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Somewhat-simplified example situation: I have entities A and B which are incredibly "heavy" domain objects. Loading one from the database is a pretty big deal. Then I have an entity C, which is a very simple object that has a label string, one A, and one B -- both lazy.

I'm doing some low-level querying to create huge lists of C, so I know exactly what IDs I need to save for C.A and C.B, but I don't want to load up entire objects and set them to the properties, because the overhead is insane.

Instead, I want to just insert the IDs directly into my C entities, and then let the A and B properties on it be fully loaded later only if needed.

I see the <sql-insert/> tag in the documentation, but the section is really sparse.

Is there any way to do what I want to do inside the NHibernate framework, or should I just do raw SQL? I'm trying to keep database portability if possible, which makes me shy away from the raw option. Seems like there's got to be a better way I'm missing.

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2 Answers 2

I don't know if NHibernate allows this (separate objects on same base data) but usually I make "digest" objects which can be upconverted into the full-blown objects (even with lazy loading on the full-blown objects). I usually do this with code-gen'd or manual ORM layers.

Large collections are usually of digests, and then if the properties or methods needed aren't exposed by the digest, they are upconverted into complete objects for the call, or to be passed etc.

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I've added a "manual" layer, but I want to know if this can be done without working around NHibernate... so this was definitely helpful, but it doesn't seem like the "right" way. –  Dan Fitch Oct 21 '08 at 21:39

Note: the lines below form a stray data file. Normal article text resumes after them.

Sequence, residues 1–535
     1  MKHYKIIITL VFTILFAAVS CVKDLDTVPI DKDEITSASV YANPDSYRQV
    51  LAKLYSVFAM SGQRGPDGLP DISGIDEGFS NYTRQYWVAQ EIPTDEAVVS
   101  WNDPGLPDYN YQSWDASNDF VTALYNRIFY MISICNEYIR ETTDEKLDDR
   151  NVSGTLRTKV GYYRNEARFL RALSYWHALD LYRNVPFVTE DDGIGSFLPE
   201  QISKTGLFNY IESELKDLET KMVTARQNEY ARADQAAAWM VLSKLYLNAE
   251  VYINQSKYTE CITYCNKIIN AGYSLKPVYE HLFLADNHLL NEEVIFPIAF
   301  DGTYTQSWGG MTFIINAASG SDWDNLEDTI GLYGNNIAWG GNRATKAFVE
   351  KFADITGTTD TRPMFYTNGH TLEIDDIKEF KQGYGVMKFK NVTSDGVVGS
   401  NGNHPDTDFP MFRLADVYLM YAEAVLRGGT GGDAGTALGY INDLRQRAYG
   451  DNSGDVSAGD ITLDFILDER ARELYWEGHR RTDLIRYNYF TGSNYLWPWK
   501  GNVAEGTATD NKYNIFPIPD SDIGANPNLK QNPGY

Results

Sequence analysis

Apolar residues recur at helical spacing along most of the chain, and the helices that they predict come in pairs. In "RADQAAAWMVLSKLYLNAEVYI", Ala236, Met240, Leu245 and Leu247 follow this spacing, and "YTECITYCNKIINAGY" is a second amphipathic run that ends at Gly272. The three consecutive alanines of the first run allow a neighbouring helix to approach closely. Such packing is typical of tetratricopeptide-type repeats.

Well, this would not necessarily be working around NHibernate, it would just be two classes, one of which is a read-only digest of the other, based on the same base tables. –  Cade Roux Oct 21 '08 at 23:14
Aha, I get you now. I'm not sure what path to go down, but thanks for the clues... this is all a bit tricksy! –  Dan Fitch Oct 22 '08 at 17:20

Dan -- not sure if this will work without testing, but its worth a shot. I guess your already have the Ids that you want to add to your C -- so set your associations (many-to-one I'm assuming) to insert="false" and update="false" (maybe cascade="none" would work alternatively as well). Then create an "empty copy" of your A and B entities, add the Ids to them, add them to C and try to save C (Session.SaveOrUpdateCopy(C)). Hopefully NHibernate will not attempt to add a new A and B object into their respective table, but will simply set the correct Ids within the C table -- this way you don't have to load the A and B entities.

The bad part is, if you have to save or update A and B, you'll have to do it directly. The other bad part is that I don't have time to test this, so I don't know if it will work.

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Aha, I see what you're saying. I'm not sure what NHibernate will think if I try to do a non-cascading save with A and B as "dummy objects", but I'll give it a shot. –  Dan Fitch Oct 21 '08 at 21:41

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